Written in a conversational style, this book is a record of interactions between Sehee and her psychiatrist. Spanning several weeks, each of the sessions provides an insight into Sehee’s inner world and how she actively unlearns her deep-rooted beliefs about work, family, and appearances. The original Korean version has been translated into English by Anton Hur.

books on mental health
Source: Goodreads

Sehee writes about how sadness and self-pity serve as the path of least resistance for her, which is why she leans on them so very often. Her ‘light depression,’ is inconsistent, she might be going to bed happy but still waking up feeling distressed. It makes her put on a brave face at work but gnaws away at her self-esteem at the core, forcing her to constantly self-surveil. The experience is personal to her, yet also resonates deeply with the reader. Sehee’s candour and authenticity make this book an extremely comforting read. 

3. Maybe You Should Talk To Someone by Lori Gottlieb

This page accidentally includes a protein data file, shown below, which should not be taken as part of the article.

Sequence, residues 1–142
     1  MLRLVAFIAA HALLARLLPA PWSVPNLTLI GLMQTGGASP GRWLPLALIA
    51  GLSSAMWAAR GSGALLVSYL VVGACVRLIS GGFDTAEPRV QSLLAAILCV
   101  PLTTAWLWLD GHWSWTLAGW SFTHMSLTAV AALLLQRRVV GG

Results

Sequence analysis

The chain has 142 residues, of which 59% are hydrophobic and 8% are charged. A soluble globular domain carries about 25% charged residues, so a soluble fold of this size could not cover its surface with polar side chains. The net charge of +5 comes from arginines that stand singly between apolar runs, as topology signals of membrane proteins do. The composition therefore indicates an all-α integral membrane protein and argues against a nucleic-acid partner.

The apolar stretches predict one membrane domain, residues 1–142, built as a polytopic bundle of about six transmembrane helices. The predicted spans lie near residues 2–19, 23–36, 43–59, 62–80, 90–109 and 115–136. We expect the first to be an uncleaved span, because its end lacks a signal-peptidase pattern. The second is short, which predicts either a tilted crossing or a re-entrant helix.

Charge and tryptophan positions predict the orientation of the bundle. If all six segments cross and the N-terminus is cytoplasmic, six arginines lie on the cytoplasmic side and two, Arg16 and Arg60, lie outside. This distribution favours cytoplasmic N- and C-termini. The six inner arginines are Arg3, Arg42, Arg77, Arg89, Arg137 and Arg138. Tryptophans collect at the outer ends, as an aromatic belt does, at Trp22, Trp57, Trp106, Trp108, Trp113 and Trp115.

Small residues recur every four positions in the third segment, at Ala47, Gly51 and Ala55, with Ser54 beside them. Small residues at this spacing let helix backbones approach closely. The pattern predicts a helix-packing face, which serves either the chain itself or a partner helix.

Gottlieb’s book delves into the intricacies of both being a therapist as well as seeing a therapist during a difficult period of life. Over time, through conversations and reflections, her therapist helps her rekindle the same kind of self-compassion that Gottlieb enables in her clients.

books on mental health
Source: Goodreads

Maybe You Should Talk To Someone reassures the reader that they don’t have to go through life trivialising their pain and that it’s okay to ask for help. It helps shed the stigma around therapy and instead advocates for it as a tool for building resilience and self-awareness. By charting the course of her therapeutic progress alongside her four clients’, the author makes a therapist’s innate humanness even more accessible.

This book has the potential to make even the strongest sceptics believe in the transformative and restorative powers of therapy.

4. I’ve Never Been (Un)Happier by Shaheen Bhatt

I’ve Never Been (Un)Happier traces the trajectory of Bhatt’s depression from her pre-teen years to adulthood. Born into a famous Bollywood family, Bhatt delineates her experience growing up in the shadow of her filmmaker parents and her younger sister, Alia. In the book, she also opens up about her deep-rooted body image issues, mental health and struggles with alcoholism.